LCCR Letter to Atty. General Ashcroft on Women Asylum-Seekers
The Honorable John D. Ashcroft
Attorney General of the United States
U.S. Department of Justice
950 Pennsylvania Avenue, NW
Washington, DC 20530
Dear Attorney General Ashcroft:
On behalf of the Leadership Conference on Civil Rights (LCCR), we write to express our concern about the prospective issuance of a final rule that may reinstate the vacated decision in Matter of R-A-, Int. Dec. 3403 (BIA 1999) and which, as a result, may drastically undermine the ability of women to receive protection under our nation’s asylum laws. We urge you to refrain from reversing current policy, which appropriately provides women who have fled violence with a safe haven once they have satisfied the rigorous requirements of the current asylum rules.
As an institution committed to civil rights, LCCR has spoken out on issues affecting the rights of immigrants because our nation’s immigration laws have far too often been used as weapons against the weakest and least popular members of our society. In the past, immigrants were targeted by racist enactments such as the Chinese Exclusion Act and the National Origins Act. While our country has made great strides in other aspects of civil rights, unfortunately our immigration laws today continue to single out especially vulnerable populations ? in this case women and girls ? and subject them to unfair treatment.
In Matter of R-A-, the Board of Immigration Appeals ruled that Ms. Rodi Alvarado, a Guatemalan woman who had suffered ten years of horrific domestic violence at the hands of her husband, and whose government would not protect her, could not seek refuge under U.S. asylum laws. Former Attorney General Janet Reno vacated the BIA’s decision, and the INS shortly thereafter issued a proposed rule which clarified that domestic violence and other forms of gender-related persecution could in fact form the basis of an asylum claim.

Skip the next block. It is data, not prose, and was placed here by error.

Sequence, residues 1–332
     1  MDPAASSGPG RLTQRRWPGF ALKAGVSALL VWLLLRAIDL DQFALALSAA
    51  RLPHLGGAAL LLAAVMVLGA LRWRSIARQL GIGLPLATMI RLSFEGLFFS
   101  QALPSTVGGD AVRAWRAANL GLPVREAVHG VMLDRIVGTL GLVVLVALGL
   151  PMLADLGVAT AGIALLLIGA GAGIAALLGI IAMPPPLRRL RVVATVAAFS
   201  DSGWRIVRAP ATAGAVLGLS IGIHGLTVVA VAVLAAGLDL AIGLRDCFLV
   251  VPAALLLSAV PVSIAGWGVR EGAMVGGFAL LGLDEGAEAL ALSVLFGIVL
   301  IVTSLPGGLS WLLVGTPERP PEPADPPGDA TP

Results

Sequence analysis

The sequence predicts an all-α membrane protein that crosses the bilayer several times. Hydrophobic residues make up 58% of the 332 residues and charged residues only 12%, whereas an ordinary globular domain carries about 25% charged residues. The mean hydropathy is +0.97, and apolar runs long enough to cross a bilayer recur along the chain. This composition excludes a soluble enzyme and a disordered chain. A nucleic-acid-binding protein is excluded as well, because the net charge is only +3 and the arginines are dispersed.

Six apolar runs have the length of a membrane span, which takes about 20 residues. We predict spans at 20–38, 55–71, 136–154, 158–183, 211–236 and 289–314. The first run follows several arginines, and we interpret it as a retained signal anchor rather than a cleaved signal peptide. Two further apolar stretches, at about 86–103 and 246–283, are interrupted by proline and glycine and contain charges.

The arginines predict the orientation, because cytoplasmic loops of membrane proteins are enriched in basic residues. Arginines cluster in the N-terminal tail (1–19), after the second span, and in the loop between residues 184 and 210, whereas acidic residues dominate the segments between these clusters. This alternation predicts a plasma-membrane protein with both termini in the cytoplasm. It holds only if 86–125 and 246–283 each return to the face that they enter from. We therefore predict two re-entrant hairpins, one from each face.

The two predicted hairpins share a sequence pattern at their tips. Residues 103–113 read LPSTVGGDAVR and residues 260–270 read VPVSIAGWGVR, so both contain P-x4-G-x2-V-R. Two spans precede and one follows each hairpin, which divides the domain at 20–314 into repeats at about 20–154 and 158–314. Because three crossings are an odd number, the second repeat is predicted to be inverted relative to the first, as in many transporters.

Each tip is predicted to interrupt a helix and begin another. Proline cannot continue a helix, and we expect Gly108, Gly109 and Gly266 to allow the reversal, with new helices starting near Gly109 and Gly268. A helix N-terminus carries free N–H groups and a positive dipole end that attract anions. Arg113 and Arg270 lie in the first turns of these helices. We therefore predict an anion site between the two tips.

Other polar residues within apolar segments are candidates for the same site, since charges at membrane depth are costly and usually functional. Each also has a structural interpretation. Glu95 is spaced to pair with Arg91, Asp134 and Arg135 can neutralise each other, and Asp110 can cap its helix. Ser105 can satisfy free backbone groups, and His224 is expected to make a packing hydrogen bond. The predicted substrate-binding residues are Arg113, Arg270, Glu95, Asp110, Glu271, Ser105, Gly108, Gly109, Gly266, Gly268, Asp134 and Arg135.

LCCR supports the Attorney General’s action in Matter of R-A-, and we believe that her decision should stand. We were therefore alarmed to learn that the Department now plans to issue a final rule that will revisit the issues raised in the case, and that a new decision will soon be handed down reinstating the BIA’s original denial of asylum to Ms. Alvarado While we have not seen a draft of the final rule, we are particularly concerned that it, as its content has been reported to us, will severely limit the ability of women and girls to seek protection from trafficking, sexual slavery, honor killings, domestic violence and other gross human rights violations whenever such abuses have been perpetrated by non-state actors.
We believe the issuance of such a rule would have drastic negative consequences for Ms. Alvarado and would also establish an unfortunate precedent in U.S. law, precluding protection to women in a wide range of cases where their gender is a central reason that they suffer severe violations of their rights. In addition, such a rule would contravene established principles of international law including United Nations High Commissioner for Refugees (UNHCR) guidelines on gender persecution and would be out of step with the policies of countries such as the United Kingdom, Australia and Canada, which recognize that government-tolerated violence based on gender can form the basis for asylum.
For these reasons, we urge you to not reinstate the BIA’s decision in Matter of R-A-, and to refrain from issuing any regulations that would unduly limit the ability of women to seek refuge under our asylum laws. Thank you for your attention to our concerns.
Dr. Dorothy I. Height